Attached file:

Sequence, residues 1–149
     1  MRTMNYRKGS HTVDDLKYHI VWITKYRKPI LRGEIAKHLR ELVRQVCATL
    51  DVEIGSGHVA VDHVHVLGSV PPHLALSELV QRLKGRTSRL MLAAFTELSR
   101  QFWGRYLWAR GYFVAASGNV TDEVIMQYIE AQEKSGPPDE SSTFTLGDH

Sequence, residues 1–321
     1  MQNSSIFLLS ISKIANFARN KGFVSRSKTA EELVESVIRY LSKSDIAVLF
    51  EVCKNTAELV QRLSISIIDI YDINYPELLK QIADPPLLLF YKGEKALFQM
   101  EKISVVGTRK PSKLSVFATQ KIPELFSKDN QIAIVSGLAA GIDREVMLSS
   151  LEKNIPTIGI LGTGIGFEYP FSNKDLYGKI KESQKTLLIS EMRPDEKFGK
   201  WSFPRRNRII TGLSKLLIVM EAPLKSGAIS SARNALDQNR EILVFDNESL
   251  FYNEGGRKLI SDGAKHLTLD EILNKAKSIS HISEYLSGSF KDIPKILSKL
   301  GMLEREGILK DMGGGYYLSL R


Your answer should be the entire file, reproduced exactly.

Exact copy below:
Sequence, residues 1–149
     1  MRTMNYRKGS HTVDDLKYHI VWITKYRKPI LRGEIAKHLR ELVRQVCATL
    51  DVEIGSGHVA VDHVHVLGSV PPHLALSELV QRLKGRTSRL MLAAFTELSR
   101  QFWGRYLWAR GYFVAASGNV TDEVIMQYIE AQEKSGPPDE SSTFTLGDH

Sequence, residues 1–321
     1  MQNSSIFLLS ISKIANFARN KGFVSRSKTA EELVESVIRY LSKSDIAVLF
    51  EVCKNTAELV QRLSISIIDI YDINYPELLK QIADPPLLLF YKGEKALFQM
   101  EKISVVGTRK PSKLSVFATQ KIPELFSKDN QIAIVSGLAA GIDREVMLSS
   151  LEKNIPTIGI LGTGIGFEYP FSNKDLYGKI KESQKTLLIS EMRPDEKFGK
   201  WSFPRRNRII TGLSKLLIVM EAPLKSGAIS SARNALDQNR EILVFDNESL
   251  FYNEGGRKLI SDGAKHLTLD EILNKAKSIS HISEYLSGSF KDIPKILSKL
   301  GMLEREGILK DMGGGYYLSL R